The eternal high priestly service must be understood above all on the basis of Trinitarian dogma.3 Christ is the High Priest not only because of the Incarnation and all that is connected with it, but as the Son–indeed, precisely as the Son.4 The Holy Trinity is trihypostatic Love and thus a trihypostatic self-revelation in which each Hypostasis loves and offers itself in its own particular way: Father, Son, and Holy Spirit. Eternally begetting the Hypostatic Word, the Father by Himself issues forth Silence about Himself into eternity, which is overcome in the Only-Begotten Son, the Word of the Father. The Son receives this very Word not as His own, but as the Revelation of the Father, and gives Himself to the Father, and filially offers sacrifice. His very existence as the Son is already a sacrifice, and the Son, as Son, is the High Priest forever (“according to the order of Melchizedek”). The Son is in this sense the Father’s Hypostatic Glory (eis dóxan Theoû Patrós) (Phil. 2:11). Now, this assumes the acceptance of the Son’s sacrifice by the Father, and thus the sacrificial offering itself is a dyadic, mutual act of Divine love, which is the Holy Spirit. He is Hypostatic love itself, as the bond of love between the Father and the Son, its in-spiration, joy and exultation, the Gift of God, the Gift of the Holy Trinity within itself—the Glory of God.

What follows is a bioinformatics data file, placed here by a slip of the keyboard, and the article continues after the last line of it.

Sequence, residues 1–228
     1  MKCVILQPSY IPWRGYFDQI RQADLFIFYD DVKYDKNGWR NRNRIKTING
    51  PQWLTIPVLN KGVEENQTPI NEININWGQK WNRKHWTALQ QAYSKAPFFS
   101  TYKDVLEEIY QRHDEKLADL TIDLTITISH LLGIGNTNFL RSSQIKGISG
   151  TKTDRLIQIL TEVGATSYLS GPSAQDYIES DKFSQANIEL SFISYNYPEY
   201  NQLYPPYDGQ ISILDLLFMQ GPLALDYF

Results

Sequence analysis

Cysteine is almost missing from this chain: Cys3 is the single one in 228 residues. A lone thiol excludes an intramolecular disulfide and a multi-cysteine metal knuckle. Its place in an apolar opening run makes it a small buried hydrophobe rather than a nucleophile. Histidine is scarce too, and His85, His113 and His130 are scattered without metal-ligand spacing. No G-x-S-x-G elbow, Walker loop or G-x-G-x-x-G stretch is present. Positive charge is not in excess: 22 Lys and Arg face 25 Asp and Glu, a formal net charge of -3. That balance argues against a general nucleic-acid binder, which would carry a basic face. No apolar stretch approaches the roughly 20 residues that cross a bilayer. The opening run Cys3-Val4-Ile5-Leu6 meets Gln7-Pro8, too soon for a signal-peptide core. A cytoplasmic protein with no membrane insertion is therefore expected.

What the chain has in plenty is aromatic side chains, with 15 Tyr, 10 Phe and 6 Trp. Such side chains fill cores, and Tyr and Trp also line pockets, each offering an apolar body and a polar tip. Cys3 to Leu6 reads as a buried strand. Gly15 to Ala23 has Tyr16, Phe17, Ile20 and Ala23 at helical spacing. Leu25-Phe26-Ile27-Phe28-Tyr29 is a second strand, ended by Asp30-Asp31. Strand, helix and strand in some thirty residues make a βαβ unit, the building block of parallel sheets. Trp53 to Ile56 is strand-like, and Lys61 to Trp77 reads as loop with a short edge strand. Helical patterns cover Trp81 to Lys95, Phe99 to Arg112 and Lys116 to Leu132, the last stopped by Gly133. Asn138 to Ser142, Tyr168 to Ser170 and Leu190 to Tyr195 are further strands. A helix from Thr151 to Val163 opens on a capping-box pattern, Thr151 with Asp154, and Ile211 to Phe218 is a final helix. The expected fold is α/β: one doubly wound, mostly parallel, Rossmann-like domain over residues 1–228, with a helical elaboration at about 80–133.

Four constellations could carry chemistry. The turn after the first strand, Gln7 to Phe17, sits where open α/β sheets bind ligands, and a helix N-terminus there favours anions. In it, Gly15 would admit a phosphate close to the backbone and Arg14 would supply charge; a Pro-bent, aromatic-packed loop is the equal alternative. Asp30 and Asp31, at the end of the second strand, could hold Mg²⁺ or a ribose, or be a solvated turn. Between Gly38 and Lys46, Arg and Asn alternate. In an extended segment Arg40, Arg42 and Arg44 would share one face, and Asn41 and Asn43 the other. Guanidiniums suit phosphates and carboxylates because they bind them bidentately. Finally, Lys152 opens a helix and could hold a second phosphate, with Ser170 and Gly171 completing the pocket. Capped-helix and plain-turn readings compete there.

Hence the Incarnation pertains only to the second Hypostasis of the Holy Trinity, as the one who offers and the one who is offered as a sacrifice. It is not the Father, though He generates [tvorit] the Son by His will, and not the Holy Spirit, though He presents the Son as Son to the Father, while the fatherhood of the Father reveals the Son. It is only the Son, the Second hypostasis in the Holy Trinity. Divine Love is trihypostatic and is threefold in its ecstatic form: proceeding from itself, giving itself, and being fulfilled in itself. In this, its three-in-one-ness, the life of God is a heavenly liturgy, a threefold sacrifice of God to Himself and of Himself, who exists in the Holy Trinity. [The sacrifice] is three-in-one and cannot be otherwise; however, the sacrificing Hypostasis, and in this sense the High Priest, is precisely the Second, the Son. The Father is the One to Whom He sacrifices, and the Holy Spirit is the One through Whom the sacrifice is offered by the Son and through whose kenotic self-emptying the event takes place, to the Glory of God the Father.